Animal Studies Bibliography
Bryant, Clifton D. 1979. The Zoological Connection: Animal-Related Human Behavior. Social Forces 58(2): 399-421.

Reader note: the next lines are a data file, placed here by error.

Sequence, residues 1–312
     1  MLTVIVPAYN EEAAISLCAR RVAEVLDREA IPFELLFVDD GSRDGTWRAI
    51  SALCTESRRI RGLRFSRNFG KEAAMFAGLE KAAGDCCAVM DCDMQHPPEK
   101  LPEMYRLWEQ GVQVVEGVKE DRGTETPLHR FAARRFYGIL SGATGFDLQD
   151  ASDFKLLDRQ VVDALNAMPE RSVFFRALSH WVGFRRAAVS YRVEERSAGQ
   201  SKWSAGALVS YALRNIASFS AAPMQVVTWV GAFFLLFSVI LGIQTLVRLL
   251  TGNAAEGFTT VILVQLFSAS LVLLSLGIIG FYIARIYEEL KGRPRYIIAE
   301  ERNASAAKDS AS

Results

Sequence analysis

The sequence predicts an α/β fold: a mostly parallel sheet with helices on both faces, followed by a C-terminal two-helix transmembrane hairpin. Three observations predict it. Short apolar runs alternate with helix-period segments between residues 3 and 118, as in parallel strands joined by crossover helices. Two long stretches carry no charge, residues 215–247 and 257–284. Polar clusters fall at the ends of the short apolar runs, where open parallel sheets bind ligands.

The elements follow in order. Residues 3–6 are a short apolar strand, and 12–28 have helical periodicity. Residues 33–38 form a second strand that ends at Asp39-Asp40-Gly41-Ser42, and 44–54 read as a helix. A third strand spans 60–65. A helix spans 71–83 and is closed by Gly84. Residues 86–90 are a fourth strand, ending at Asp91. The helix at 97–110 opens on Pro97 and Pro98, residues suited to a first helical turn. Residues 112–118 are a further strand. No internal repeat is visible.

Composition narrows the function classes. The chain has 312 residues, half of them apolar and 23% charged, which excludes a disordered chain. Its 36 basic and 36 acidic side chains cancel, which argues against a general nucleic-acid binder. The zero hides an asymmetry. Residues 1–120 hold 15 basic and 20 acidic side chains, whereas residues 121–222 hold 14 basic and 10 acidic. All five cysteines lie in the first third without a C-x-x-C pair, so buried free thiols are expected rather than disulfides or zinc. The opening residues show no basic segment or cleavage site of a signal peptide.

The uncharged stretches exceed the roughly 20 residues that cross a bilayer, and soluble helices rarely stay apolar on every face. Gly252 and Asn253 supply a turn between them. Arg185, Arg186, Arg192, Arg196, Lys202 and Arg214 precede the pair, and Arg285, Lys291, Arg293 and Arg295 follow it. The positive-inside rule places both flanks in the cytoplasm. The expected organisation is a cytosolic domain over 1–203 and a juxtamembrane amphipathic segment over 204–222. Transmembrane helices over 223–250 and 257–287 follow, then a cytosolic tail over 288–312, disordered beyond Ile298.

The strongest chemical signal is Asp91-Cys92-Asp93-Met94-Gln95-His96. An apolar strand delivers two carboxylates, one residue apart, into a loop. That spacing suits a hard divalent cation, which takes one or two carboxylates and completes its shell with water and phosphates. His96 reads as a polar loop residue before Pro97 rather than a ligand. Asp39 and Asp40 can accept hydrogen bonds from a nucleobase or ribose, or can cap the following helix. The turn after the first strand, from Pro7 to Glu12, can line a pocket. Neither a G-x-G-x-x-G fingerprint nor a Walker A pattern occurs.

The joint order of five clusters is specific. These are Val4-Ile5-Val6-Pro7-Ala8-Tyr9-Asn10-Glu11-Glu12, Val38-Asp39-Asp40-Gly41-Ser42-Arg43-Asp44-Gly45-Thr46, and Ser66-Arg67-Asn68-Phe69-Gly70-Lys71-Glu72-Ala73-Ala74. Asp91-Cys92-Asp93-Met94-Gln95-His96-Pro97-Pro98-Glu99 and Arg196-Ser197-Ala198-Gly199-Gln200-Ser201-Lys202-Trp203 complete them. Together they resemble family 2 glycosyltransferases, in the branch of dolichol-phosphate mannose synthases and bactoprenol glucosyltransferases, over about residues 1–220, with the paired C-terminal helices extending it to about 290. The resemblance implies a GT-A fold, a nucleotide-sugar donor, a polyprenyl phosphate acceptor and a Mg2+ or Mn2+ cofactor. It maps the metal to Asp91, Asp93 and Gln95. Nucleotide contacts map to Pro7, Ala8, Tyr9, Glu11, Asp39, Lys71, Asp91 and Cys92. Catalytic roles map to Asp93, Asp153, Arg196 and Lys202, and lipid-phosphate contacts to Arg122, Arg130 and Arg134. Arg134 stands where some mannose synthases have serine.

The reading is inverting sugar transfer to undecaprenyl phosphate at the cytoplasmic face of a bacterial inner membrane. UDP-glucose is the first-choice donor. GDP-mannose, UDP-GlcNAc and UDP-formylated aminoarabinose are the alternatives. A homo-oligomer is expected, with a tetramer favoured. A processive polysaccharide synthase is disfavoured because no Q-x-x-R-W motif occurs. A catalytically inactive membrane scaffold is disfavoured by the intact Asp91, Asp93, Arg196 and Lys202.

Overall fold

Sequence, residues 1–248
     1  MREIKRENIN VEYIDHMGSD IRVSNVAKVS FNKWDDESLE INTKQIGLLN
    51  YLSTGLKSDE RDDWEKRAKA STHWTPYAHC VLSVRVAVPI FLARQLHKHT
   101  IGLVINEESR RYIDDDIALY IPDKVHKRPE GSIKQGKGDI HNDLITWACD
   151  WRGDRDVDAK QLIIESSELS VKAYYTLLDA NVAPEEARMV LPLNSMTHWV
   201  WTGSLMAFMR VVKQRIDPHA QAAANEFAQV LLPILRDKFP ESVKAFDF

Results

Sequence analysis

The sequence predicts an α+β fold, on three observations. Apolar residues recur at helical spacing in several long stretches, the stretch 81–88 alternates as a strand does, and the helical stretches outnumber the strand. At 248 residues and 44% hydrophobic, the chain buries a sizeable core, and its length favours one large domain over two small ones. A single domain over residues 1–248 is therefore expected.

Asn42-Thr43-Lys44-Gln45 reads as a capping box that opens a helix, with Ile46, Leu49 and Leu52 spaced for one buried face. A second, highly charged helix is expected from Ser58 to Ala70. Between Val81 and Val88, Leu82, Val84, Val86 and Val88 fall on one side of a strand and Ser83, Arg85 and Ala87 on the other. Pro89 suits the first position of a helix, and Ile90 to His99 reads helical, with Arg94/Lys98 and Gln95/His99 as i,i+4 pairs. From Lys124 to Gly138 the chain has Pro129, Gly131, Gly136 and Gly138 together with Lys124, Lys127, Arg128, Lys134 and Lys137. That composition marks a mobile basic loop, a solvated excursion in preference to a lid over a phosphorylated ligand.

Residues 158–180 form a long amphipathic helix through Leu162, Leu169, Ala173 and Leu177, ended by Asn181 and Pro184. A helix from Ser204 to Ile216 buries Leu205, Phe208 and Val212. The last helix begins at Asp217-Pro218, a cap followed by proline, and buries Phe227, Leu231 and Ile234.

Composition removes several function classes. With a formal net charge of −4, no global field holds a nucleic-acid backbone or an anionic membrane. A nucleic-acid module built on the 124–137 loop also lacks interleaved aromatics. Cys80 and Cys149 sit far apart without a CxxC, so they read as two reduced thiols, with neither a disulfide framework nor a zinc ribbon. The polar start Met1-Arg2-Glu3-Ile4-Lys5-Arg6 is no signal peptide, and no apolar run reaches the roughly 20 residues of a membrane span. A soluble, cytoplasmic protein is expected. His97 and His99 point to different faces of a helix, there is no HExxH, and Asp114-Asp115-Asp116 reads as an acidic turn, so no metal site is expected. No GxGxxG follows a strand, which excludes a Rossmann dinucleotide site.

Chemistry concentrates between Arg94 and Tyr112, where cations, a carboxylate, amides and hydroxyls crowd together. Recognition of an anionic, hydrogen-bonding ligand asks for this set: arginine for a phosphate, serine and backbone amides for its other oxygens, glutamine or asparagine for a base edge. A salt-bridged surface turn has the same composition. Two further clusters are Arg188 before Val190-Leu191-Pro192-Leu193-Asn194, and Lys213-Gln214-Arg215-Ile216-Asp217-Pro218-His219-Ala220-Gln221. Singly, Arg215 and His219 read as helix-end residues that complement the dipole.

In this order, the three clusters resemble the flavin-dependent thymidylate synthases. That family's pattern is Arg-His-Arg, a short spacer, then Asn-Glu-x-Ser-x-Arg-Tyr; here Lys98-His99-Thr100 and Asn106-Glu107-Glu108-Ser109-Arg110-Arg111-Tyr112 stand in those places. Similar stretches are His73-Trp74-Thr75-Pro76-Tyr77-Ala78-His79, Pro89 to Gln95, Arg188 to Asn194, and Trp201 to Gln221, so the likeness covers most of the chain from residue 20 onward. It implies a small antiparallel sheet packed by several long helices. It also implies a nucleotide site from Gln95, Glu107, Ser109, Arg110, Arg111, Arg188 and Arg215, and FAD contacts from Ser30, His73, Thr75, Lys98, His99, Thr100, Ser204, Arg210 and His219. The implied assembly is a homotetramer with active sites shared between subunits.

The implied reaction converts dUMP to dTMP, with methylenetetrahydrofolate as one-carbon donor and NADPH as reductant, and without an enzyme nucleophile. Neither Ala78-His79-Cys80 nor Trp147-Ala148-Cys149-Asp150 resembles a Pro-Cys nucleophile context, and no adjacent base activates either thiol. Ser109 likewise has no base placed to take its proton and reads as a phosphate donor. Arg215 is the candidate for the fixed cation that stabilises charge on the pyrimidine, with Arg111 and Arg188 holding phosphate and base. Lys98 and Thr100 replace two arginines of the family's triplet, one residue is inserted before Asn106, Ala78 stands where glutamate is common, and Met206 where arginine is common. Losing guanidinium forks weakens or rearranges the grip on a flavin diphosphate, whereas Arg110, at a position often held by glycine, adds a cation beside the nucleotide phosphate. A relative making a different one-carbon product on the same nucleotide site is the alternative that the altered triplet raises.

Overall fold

Sociologists have generally ignored animals as a subject of inquiry, but in fact, animals are highly involved in human social relations and therefore should be studied. We can see the involvement of animals in human society in the saturation of our language with animal terms and metaphors (suggesting a “cultural preoccupation” with animals akin to, e.g., Eskimos' multiple terms for snow) to describe our physical appearances, behavior, and feelings. We describe much of our material culture using animal terms and themes as well, including clothing, toys, foods, machinery, children's and adults' literature, film, theater, and television, music, leisure activities, sports teams, and holidays. Much social behavior involves animals, as well, including human relationships bonded or broken through an animal or animal activity, the health benefits of companion animals, the daily routine organized around care for pets, efforts to eliminate bothersome animals, eating meat, wearing animal products like fur and leather, etc. Bryant offers five pages of examples of these influences, and even that much only hits the tip of the iceberg. Clearly, then, ignoring animals in sociological research will cause us to miss much important information about social life. There are 5 major areas in which inquiry would be most profitable. First, animals are social problems in several ways. They attack people and crops; their populations are too small (therefore requiring special protections which may inhibit human development) or too large; as pets, they consume large amounts of food and energy that could be offered to hungry people; they soil parks and streets. Second, the animal liberation movement posits that animals are sentient creatures who should be spared abuse and given rights. This movement has had significant impacts on various industries, including whaling and animal research. The actions of the movement activists are interesting subjects as a social movement and for the disequilibrium they may cause in society, by, for example, changing recreational activities, causing industry changes that raise food prices, or hurting biomedical research by stemming the supply of imported animal subjects. Views about animal use are of further interest because they are so contradictory (e.g. the difference between chasing a killing a cat or a fox--the former results in prison, the latter in a hunting trophy). Third, animals are involved in human work in two ways. Animals have always been used to help with human work, often in dyads of social significance to the human (e.g. the cowboy and his horse), sometimes to such an extent that animals have replaced humans in doing certain tasks. Further, large numbers of people work in animal-related industries, and how they and society understand this work is an important area to research. Fourth, animals often serve as surrogate humans, filling in social holes. For example, animals serve as companions to lonely people (e.g. widows, miners), as surrogate children, as socializing agents and friends for children, and as therapists. If trends in the divorce rate, childless marriages, and the like continue, the importance of animals as surrogate humans will likely become even more important. Fifth, much crime and delinquency involves animals in various ways: “animals can be the perpetrators of crime, the instigators of crime,... the victims of crime...the object of crime, the motivation for crime, the instrument of or for crime,...the mechanism for the punishment of crime” (412). As private property, animals can be stolen, assaulted, or killed; as public property (wildlife), they can be illegally hunted; dangerous animals (e.g. poisonous snakes) or too many animals may violate ordinances; treatment of animals (including beastiality) may violate animal cruelty laws; and rare animals may be smuggled and sold on the black market. Proliferating laws suggest that zoological crime is a major issue.